[Originally posted on Fabrangen e-list, in response to a post, “Certain Unalienable Rights,” by R. Arthur Waskow encouraging “open discussion of what we would today write into such a visionary Declaration of peace, justice, and ecological responsibility, and — perhaps especially poignant in many countries this year what actions we might take to carry out such a Declaration.”]
In considering justice issues of importance in DC (and elsewhere) this year and thinking ahead to the contemplation of sin, I recommend the newly published fable by Walter Mosley, The Tempest Tales, which I just finished reading this a.m. [early July 2008]
In it, Tempest Landry is “accidentally” shot by police who mistake his reaching in his pocket to adjust his music-player as the threat of an armed robbery suspect. When Landry dies and reaches the “pearly gates,” he refuses to accept the heavenly judgment of his life which launches an investigation into the meaning of sin, mortality, good, and evil.
In a succinct expression of a theme that runs through many of Mosley’s books, Landry explains (post-death) what happened to him:
“…Them shootin’ me wasn’t no accident. You don’t take no scared white boys can’t tell the difference between one black man and another, give ’em guns, and let ’em run around the streets of Harlem and then say it was an accident when they one day shoot down an innocent man….I don’t think them cops killed me did it outta spite but it sure wasn’t no accident neither. The accident was me bein’ a black man in the open.”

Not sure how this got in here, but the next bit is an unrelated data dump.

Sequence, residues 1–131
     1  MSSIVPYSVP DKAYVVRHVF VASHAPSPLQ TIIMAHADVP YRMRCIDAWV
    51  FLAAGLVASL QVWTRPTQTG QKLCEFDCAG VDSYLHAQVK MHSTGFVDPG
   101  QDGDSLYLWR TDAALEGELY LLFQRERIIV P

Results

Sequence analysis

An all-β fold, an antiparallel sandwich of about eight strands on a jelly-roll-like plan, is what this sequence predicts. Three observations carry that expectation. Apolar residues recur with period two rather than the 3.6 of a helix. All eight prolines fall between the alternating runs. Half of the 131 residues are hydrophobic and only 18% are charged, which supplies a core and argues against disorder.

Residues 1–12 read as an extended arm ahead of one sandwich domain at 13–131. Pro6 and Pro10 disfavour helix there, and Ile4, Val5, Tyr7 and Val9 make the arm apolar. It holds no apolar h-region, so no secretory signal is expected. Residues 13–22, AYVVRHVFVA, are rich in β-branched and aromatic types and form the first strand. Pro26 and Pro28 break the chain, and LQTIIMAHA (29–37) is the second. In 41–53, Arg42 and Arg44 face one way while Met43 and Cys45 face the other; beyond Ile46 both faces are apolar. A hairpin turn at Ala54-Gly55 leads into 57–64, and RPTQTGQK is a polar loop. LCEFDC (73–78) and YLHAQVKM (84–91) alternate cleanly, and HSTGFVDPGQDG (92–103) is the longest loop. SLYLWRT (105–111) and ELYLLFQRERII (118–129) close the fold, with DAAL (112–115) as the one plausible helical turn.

Mosley dedicates the book to Langston Hughes, and it is too sad to realize how little has changed in some ways from Hughes’ reality to Mosley’s. I think it is important to note that we have situations here, today, where actions by an individual or small group of one description — African American teen with dreads, bearded arab man, etc. — can make an entire group of people suspect in the eyes of police and neighbors, putting them at great risk. This is a major justice issue that needs more — or better? — attention than it gets, IMO.
Tempest Tales. NY: Washington Square Press, 2008.
Newer ebook, Further Tales of Tempest Landry from Knopf.